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Contending Forces: A Romance Illustrative of Negro Life North and South, Pauline Hopkins, Oxford University Press, 1988, ISBN 0-19-506785-1, $15.95, 402pp.

Written in 1899, at the end of the heyday of the sentimental romance genre, this was–I feel–a subversive application of the style. Likely written for a white audience, the African-American authoress was determined to counter some of the more pernicious rumors about blacks, especially black women. To use today’s terms, Hopkins was floating her own memes, including the idea that the mulatto, rather than being a tragic figure that could not survive in either the black or white world, was actually a strong bridge between the two races. Or that black women were not “hypersexual,” but that the intermixture of the races was much more the fault of white male desires.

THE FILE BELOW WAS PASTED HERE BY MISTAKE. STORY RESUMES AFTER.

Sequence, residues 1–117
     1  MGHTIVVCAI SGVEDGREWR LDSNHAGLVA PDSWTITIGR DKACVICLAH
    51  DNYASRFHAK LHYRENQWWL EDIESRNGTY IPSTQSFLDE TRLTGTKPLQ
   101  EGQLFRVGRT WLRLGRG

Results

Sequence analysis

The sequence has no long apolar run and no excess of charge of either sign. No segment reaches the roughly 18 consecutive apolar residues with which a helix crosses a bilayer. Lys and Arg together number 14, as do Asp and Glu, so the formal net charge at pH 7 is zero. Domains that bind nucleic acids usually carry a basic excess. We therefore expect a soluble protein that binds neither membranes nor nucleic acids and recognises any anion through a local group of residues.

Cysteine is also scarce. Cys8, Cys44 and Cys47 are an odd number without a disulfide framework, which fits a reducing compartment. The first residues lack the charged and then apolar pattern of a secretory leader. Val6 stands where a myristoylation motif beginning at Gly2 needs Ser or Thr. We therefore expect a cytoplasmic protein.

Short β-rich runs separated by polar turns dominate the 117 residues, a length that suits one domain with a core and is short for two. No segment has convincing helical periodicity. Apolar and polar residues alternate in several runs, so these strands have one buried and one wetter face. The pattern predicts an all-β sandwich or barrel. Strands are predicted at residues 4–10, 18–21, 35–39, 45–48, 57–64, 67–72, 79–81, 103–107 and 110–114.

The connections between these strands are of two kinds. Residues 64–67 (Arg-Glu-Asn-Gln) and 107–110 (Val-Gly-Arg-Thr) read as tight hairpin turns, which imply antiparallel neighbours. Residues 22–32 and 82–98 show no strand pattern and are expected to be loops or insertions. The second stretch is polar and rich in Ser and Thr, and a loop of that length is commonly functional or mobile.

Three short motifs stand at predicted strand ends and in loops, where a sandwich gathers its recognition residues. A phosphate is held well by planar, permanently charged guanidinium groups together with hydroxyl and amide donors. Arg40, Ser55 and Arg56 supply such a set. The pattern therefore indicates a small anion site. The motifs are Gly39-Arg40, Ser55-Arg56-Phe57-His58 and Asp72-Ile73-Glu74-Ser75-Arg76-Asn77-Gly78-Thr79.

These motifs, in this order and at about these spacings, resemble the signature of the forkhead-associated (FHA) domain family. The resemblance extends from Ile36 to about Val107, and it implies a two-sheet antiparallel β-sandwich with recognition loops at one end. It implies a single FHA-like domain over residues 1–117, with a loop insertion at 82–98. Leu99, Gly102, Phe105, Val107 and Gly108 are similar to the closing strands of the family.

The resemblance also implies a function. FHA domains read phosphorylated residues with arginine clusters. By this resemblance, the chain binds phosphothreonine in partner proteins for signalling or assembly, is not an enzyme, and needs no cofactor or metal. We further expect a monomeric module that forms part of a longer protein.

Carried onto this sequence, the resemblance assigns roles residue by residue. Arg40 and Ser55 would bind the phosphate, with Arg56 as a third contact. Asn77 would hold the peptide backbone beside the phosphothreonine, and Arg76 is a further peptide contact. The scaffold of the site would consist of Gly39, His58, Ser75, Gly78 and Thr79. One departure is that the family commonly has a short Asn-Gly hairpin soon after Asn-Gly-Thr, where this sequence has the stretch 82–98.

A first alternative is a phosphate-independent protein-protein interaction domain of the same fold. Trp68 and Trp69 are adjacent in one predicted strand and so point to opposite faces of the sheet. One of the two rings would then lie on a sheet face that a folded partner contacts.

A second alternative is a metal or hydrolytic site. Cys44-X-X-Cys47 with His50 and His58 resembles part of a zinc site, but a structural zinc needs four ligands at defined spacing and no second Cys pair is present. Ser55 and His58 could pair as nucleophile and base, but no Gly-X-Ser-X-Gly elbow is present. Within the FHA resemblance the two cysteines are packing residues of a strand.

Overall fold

As fiction, it suffers from the conventions of its genre as much as Hopkins obvious proselytizing. For the student of history, however, its depiction of black life in the 1900s is a treasure trove. Hopkins even recreates the famous debate between Booker T. Washington and W.E.B. DuBois through the mouths of her characters. Interesting as a historical document; not sure that I could recommend this for entertainment, however.

[Finished January 1999]


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